Now that tax-filing season is over, ask yourself one simple question: How satisfied are you with your tax adviser?
Hopefully, your tax professional provides enough tax-saving strategies to more than pay his or her fee. But, as importantly, a good tax adviser can provide "insurance" against some of the most severe IRS penalties.
How? While the tax law typically presumes that you—not your preparer—are responsible for your return, one of the best defenses against IRS penalties is to show that you relied on the advice of a competent tax professional. (Note: As you'll see in the page 2 story, using a tax preparer won't always insulate you from penalties.)
And this issue is particularly timely as Congress is pushing legislation to revise the IRS penalty structure. (See box at right.)
4 penalties ... and how to avoid them
While small businesses face a staggering variety of potential IRS penalties, here are four of the most frequently imposed, plus ways your taxpayer's advice can help you escape them:
1. The substantial understatement penalty. If you understate your tax bill by at least $5,000, or by 10 percent, you can get hit with a 20 percent penalty on the understated amount.
If you're hit with such a penalty, you can defend yourself by proving that you relied on "reasonable cause and good faith." You can meet this test if you hired a competent professional and kept the person fully updated on your financial dealings. Of course, you also have to follow the advice given.
In one case, the IRS let a taxpayer off the penalty hook because he relied on the advice of a CPA, who made a mistake. The court said the taxpayer supplied all the correct information and had no reason to doubt the CPA's judgment. (Albert J. Henry v. Commissioner, 9th Cir., 1999)
2. The 20 percent negligence penalty. This 20 percent penalty is often assessed when taxpayers don't keep decent tax records, fail to substantiate travel and entertainment write-offs and take "too good to be true" tax-return positions. Hiring a tax professional can also provide insurance against the negligence penalty.
3. The intentional disregard penalty. The IRS doles out this punishment to taxpayers who knowingly thumb their noses at the law. The penalty equals 20 percent of the tax understatement resulting from disregarding the tax rules.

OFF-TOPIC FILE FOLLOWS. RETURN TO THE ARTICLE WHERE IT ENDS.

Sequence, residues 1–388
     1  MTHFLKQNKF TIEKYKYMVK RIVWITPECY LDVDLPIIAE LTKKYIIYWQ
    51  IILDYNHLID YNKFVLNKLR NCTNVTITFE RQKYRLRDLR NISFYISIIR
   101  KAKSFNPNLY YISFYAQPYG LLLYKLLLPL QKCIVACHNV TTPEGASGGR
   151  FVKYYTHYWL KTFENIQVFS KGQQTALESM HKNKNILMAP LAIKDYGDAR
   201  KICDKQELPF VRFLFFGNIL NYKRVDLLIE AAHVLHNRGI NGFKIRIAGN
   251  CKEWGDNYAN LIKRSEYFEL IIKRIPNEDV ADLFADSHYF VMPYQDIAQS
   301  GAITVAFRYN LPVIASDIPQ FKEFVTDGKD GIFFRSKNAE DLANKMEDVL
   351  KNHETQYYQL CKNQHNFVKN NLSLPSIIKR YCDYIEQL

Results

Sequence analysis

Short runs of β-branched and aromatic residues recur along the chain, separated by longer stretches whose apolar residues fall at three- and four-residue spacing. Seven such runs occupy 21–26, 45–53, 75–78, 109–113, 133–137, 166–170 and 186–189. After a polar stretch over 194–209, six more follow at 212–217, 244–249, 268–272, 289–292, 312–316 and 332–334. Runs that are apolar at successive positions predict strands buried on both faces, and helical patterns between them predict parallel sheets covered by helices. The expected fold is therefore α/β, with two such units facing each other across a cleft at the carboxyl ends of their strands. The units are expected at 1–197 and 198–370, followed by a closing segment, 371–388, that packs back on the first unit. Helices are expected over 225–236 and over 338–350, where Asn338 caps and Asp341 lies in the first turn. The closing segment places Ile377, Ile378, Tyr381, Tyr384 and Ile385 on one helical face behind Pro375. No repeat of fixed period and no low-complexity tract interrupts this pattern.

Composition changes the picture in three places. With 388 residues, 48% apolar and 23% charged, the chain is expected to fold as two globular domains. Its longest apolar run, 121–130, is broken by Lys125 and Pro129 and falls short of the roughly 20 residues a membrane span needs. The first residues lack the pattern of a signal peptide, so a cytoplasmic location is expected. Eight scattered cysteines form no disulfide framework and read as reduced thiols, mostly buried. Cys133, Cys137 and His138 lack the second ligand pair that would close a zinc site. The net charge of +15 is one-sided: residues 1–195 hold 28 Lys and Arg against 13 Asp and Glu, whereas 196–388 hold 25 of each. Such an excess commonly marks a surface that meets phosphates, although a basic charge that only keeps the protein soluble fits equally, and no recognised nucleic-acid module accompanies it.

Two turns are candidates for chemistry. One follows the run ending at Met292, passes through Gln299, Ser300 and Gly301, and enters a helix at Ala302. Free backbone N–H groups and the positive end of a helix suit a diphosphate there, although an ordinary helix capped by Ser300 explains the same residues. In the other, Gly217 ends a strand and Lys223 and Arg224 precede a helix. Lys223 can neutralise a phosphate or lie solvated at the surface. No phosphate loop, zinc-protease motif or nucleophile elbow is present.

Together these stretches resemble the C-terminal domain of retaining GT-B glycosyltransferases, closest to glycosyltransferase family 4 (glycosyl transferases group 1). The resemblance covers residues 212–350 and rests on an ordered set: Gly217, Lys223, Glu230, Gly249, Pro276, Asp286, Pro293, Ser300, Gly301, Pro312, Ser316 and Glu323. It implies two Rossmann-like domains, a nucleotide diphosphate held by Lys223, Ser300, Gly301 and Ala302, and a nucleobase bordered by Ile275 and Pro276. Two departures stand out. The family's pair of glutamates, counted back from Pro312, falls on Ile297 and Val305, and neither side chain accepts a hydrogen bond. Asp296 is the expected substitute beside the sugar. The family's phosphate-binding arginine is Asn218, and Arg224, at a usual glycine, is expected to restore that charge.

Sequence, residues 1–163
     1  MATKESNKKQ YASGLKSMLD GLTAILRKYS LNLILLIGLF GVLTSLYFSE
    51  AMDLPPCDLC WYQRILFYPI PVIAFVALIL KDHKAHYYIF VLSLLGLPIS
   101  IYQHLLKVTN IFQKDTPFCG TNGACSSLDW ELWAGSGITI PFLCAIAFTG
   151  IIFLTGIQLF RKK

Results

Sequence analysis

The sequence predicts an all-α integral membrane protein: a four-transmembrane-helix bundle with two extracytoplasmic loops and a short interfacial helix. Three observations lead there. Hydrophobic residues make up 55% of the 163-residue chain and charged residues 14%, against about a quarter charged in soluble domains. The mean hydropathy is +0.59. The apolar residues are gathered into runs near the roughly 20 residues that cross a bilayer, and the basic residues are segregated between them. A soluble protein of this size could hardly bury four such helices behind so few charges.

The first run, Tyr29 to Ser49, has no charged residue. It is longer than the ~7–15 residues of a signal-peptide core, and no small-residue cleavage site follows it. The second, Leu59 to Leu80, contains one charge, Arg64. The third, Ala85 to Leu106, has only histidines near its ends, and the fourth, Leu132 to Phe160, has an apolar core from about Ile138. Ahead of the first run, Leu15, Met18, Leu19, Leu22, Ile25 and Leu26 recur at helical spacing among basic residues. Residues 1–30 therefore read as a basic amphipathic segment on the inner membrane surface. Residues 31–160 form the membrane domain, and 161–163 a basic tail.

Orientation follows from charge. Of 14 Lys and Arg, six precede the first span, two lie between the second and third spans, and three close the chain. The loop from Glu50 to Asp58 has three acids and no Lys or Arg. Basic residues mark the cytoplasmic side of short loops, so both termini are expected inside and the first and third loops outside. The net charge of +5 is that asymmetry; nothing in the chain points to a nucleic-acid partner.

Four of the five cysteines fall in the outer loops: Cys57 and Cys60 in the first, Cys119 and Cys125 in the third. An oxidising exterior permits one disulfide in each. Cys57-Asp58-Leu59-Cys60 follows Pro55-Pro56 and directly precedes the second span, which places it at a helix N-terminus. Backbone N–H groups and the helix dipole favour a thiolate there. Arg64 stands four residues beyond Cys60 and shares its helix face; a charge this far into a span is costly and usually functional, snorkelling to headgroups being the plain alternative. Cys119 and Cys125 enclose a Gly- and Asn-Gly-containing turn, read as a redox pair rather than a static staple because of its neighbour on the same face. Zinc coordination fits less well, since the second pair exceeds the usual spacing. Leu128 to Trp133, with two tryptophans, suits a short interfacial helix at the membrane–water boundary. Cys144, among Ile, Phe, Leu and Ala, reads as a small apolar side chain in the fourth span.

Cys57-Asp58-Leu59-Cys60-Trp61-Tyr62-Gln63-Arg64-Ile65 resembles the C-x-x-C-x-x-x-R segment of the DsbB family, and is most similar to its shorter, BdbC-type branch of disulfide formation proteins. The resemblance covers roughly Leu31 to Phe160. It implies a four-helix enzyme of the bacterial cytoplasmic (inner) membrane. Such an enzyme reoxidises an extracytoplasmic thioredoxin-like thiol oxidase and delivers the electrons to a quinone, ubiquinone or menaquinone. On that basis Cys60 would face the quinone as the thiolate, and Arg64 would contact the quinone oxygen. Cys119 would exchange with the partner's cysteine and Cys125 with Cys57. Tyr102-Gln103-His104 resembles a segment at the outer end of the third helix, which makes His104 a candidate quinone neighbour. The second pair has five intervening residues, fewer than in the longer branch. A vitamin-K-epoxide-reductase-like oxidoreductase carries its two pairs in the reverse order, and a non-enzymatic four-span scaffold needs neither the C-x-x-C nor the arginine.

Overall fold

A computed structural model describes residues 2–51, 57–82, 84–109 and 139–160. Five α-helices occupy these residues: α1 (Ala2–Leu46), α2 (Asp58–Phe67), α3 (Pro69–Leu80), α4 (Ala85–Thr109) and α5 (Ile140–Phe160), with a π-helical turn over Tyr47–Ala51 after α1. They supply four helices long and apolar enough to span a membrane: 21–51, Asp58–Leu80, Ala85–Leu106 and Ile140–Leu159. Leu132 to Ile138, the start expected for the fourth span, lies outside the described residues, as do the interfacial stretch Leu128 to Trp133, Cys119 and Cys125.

For this purpose, "tax rules" include everything including the Internal Revenue Code itself to IRS Revenue Rulings and IRS Notices.
You obviously can't keep up with all these changes; but you can expect your tax adviser to do it. So if you keep your tax pro fully informed, you once again create a defense against paying a penalty.
4. The fraud penalty. The IRS imposes the fraud penalty only in extreme cases—less than 2 percent of all audits. But it's meant to really hurt, equaling 75 percent of the tax underpayment.
What constitutes fraud? It usually involves taxpayers concealing assets and income, destroying documents or lying to IRS agents. In some cases, fraud involves a pattern of substantially understating income or overstating deductions.
You may think that having a tax professional wouldn't do you much good in erasing fraud penalties. But it can.
How? Even if the IRS says you acted fraudulently, it's still a judgment call for the courts.
For example, the IRS charged a man with fraud because he allegedly overvalued charitable donations. The taxpayer dodged the penalty because he had hired appraisal and accounting professionals to handle the paperwork. (S. Robert Davis, TC Memo 1999-250)
Final note: While this article illustrates how relying on a tax pro can help protect you from IRS penalties, remember this point: Even if you qualify for penalty relief, you'll still owe the unpaid tax and usually the interest too. Escaping penalties only amounts to avoiding the insult after the injury.
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